Posted on August 18, 2022
By Michael F. Shriver, Director of Consulting, and Kevin Walker, Director of Business Development
Since launching Penn-Mar Human Services Consulting in 2019, we have had the opportunity to work with over 30 organizations serving people with intellectual and developmental disabilities. All of them have been looking for innovative approaches and best practices to help provide a life well lived for all the people they support.
In those early days, we encountered many organizations that were interested in transforming to a business model that focused more on person-centered supports that could occur within the community, providing meaningful activities or community based employment.
And then came the pandemic.
Leaders were suddenly reduced to wondering if they would ever be able to open their doors again because of the financial impact of COVID. In order to survive, they were forced to pivot in ways that we have never seen before in our industry.
In hindsight, it is safe to say that this catastrophic worldwide event has forever changed the way all of us — human services organizations and the families and people we support — now view resources for people with disabilities and the expectations we have for them.
Before the pandemic, many people and their families were reticent about how to go about community supports focused on career and employment. It seemed like a giant leap and many had not yet warmed to the idea of their loved ones moving from a safe and healthy environment at Penn-Mar out into the community. They were concerned that some of those assurances would be removed.
The pandemic helped to accelerate the understanding that human services organizations had to rethink their services entirely and deliver them differently.
But first, we as providers had to figure out what supports could be delivered to people’s homes during the lockdown. What would they would actually look like? How could we maximize the fiscal aspect of doing that in the most cost-effective manner? We learned a lot throughout this crisis.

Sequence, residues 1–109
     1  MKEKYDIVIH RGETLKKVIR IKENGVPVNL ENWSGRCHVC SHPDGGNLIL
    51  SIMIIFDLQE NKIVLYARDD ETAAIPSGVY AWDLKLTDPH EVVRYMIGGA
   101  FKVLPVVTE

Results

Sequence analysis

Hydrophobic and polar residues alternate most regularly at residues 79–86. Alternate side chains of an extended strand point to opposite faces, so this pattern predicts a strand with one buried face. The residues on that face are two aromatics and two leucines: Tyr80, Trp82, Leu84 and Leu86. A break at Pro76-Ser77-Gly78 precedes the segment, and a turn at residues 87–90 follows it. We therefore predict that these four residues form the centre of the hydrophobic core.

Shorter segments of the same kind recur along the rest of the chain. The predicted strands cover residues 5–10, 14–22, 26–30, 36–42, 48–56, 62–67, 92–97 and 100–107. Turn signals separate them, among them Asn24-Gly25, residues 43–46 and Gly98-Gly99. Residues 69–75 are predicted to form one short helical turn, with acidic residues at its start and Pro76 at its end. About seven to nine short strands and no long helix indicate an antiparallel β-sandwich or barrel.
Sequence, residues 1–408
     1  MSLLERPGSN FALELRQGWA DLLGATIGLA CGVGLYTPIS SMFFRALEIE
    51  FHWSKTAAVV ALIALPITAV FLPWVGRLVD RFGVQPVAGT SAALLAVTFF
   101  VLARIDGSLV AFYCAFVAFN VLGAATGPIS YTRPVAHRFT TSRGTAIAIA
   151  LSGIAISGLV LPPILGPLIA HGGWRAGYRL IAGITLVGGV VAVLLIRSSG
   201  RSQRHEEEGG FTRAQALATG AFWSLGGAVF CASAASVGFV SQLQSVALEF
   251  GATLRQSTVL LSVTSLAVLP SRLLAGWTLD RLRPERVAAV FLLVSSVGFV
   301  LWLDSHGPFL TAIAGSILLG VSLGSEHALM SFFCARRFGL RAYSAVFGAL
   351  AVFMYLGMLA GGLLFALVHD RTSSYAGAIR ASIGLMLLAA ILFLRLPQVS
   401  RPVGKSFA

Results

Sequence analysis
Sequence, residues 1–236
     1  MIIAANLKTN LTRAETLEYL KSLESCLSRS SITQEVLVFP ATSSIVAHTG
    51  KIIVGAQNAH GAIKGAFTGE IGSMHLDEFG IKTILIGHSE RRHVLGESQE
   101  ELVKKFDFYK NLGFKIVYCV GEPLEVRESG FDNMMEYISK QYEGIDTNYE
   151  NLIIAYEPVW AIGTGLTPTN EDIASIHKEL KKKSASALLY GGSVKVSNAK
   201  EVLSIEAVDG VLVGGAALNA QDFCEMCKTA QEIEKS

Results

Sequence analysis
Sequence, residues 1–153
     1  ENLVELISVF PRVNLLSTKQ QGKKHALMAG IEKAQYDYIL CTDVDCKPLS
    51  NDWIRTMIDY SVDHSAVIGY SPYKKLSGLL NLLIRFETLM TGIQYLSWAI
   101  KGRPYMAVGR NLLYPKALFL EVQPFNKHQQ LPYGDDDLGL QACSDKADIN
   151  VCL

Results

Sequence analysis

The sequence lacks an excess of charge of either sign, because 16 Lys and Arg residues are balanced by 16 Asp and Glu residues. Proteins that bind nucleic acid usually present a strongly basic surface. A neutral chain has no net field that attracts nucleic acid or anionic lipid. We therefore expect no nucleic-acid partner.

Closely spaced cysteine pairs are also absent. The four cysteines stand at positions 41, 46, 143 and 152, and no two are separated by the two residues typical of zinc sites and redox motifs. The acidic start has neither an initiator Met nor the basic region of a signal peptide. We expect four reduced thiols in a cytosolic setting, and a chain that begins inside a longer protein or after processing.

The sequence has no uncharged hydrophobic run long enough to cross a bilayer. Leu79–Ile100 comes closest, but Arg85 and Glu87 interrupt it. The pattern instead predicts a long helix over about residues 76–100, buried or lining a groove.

For example, in order to be compensated for services during the pandemic, you needed to provide supports in a virtual environment and make considerable and unexpected investments in technology.
We were able to support many organizations by helping them access State resources. We introduced them to State administrations and philanthropic sources that were providing innovation funds and grants to organizations wanting to know how to transform their traditional non-profit businesses with cost-effective supports that were important to their individuals.
We brought this learning to leadership at other organizations and helped them make courageous, bold moves to ensure their survival as they began to understand the opportunities that this crisis now provided them.
We offered self-assessments, looking at each organizations unique environment, culture, resources, staff, and families in order to help them create a transformative business model. This highlighted a peer-to-peer coaching approach that helped them successfully identify and implement whatever change was needed.
Our Consulting Group also built a very successful training component that organizations could use to ensure that their teams had the abilities and skill sets to implement person-centered programming.
Working side-by-side with peer leadership, we helped them take advantage of the opportunities created by the pandemic. This could involve seeking out funding resources; investing in staff with the ability to provide supports in different ways; actively listening and creating relationships with families to identify concerns; and demonstrating innovative approaches to priority issues we helped them identify.
We never suggest that our way is THE way. Rather, we demonstrate business success by sharing innovative approaches that can be aligned strategically with an organization’s particular culture and vision.